The approximately 500 million acres of public lands and nearly 1 billion acres offshore managed by the Department of the Interior provide significant economic contributions to our country, according to a report released by the agency yesterday.
In total, our nation’s national parks, national monuments, wildlife refuges, and other lands created $371 billion and 2.3 million jobs to the U.S. in fiscal year 2012. These impacts come from the various uses of public lands and waters, including water supplies, renewable energy, oil, gas, coal, timber, grazing, and minerals.
But of particular note is the fact that last year’s nearly 417 million recreation visits to public lands and waters stimulated $45 billion in economic impacts along with 372,000 jobs. This number does not include the value of protecting places from development beyond recreation, such as clean air, clean water, and habitat. As Interior Secretary Sally Jewell said:
It’s difficult to quantify the value of protecting our nation’s hunting or ranching heritage, the benefits of healthy watersheds and air quality, or the power of ensuring our treasured landscapes and historic places will be accessible to the next generation. These actions have very real contributions to communities, citizens and property values and make us rich in ways that can’t be counted.
The fact that protecting places has many different economic values is often overlooked by policymakers in Washington, D.C. And yet, it has been emphasized in a number of other reports and by businesses who reap the benefits of such protections.
As just one example, economics consulting firm Headwaters Economics found that jobs in Western non-metropolitan counties that have more than 30 percent protected public lands increased by 345 percent over the last four decades, while counties with no protected lands saw jobs increase by only 83 percent. Additionally, the Outdoor Industry Association reports that the industry provides $646 billion in economic contributions every year. And Daren Norhagen, the president of software company Foundant Technologies in Bozeman, Montana put it this way:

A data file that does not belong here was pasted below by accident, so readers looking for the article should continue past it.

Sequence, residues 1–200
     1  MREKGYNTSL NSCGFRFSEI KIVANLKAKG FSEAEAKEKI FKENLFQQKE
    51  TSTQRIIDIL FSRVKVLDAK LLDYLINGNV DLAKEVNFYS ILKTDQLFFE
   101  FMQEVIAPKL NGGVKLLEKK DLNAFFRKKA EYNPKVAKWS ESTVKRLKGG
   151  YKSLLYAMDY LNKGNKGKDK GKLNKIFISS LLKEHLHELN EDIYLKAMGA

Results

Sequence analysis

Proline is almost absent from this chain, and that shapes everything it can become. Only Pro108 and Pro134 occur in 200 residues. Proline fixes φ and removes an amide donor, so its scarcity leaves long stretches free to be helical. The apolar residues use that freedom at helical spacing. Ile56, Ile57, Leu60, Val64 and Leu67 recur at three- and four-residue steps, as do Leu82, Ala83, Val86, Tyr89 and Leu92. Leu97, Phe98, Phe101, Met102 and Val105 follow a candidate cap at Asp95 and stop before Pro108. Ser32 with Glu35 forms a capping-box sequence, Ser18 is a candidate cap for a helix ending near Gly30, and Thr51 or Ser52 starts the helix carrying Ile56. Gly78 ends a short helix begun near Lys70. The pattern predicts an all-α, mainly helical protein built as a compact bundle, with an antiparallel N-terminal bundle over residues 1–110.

We use the outdoors as a competitive advantage to attract and retain employees. And so the outdoors and access to public lands and preservation of public lands are really critical to our business.
Recent polling shows that people who live near public lands understand and feel these economic benefits. For example, 91 percent of voters in the West polled by the Colorado College State of the Rockies agreed that “our national parks, forests, monuments, and wildlife areas are an essential part of (my state’s) economy.”
And not only that, when it comes to picking and choosing between uses of public lands, voters are far more likely to support conservation over drilling. As polling from the Center for American Progress showed, two in three voters say that permanently protecting public lands for future generations and providing access for recreation are very important to them personally, while only about one-third say the same for making public lands available for oil and gas development.
Jessica Goad is the Manager of Research and Outreach for the Public Lands Project at the Center for American Progress Action Fund.